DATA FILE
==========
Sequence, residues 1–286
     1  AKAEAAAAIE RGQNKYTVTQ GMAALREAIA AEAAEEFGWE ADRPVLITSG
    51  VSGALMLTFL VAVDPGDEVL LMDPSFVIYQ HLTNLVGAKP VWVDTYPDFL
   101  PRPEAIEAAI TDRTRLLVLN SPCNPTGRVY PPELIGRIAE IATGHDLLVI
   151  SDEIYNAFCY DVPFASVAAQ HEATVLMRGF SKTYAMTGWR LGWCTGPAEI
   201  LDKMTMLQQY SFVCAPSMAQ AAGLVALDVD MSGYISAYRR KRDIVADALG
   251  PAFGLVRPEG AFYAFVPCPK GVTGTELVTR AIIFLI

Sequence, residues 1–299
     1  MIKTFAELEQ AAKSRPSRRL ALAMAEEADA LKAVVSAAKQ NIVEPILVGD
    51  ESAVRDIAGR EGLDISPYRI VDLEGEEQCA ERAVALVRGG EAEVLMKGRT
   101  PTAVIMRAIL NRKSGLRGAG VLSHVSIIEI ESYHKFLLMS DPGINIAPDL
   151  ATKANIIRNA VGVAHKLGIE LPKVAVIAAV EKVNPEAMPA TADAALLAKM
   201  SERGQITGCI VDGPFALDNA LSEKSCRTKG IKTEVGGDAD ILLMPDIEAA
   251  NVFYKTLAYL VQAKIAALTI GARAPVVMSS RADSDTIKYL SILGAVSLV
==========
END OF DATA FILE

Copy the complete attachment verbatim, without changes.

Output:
Sequence, residues 1–286
     1  AKAEAAAAIE RGQNKYTVTQ GMAALREAIA AEAAEEFGWE ADRPVLITSG
    51  VSGALMLTFL VAVDPGDEVL LMDPSFVIYQ HLTNLVGAKP VWVDTYPDFL
   101  PRPEAIEAAI TDRTRLLVLN SPCNPTGRVY PPELIGRIAE IATGHDLLVI
   151  SDEIYNAFCY DVPFASVAAQ HEATVLMRGF SKTYAMTGWR LGWCTGPAEI
   201  LDKMTMLQQY SFVCAPSMAQ AAGLVALDVD MSGYISAYRR KRDIVADALG
   251  PAFGLVRPEG AFYAFVPCPK GVTGTELVTR AIIFLI

Sequence, residues 1–299
     1  MIKTFAELEQ AAKSRPSRRL ALAMAEEADA LKAVVSAAKQ NIVEPILVGD
    51  ESAVRDIAGR EGLDISPYRI VDLEGEEQCA ERAVALVRGG EAEVLMKGRT
   101  PTAVIMRAIL NRKSGLRGAG VLSHVSIIEI ESYHKFLLMS DPGINIAPDL
   151  ATKANIIRNA VGVAHKLGIE LPKVAVIAAV EKVNPEAMPA TADAALLAKM
   201  SERGQITGCI VDGPFALDNA LSEKSCRTKG IKTEVGGDAD ILLMPDIEAA
   251  NVFYKTLAYL VQAKIAALTI GARAPVVMSS RADSDTIKYL SILGAVSLV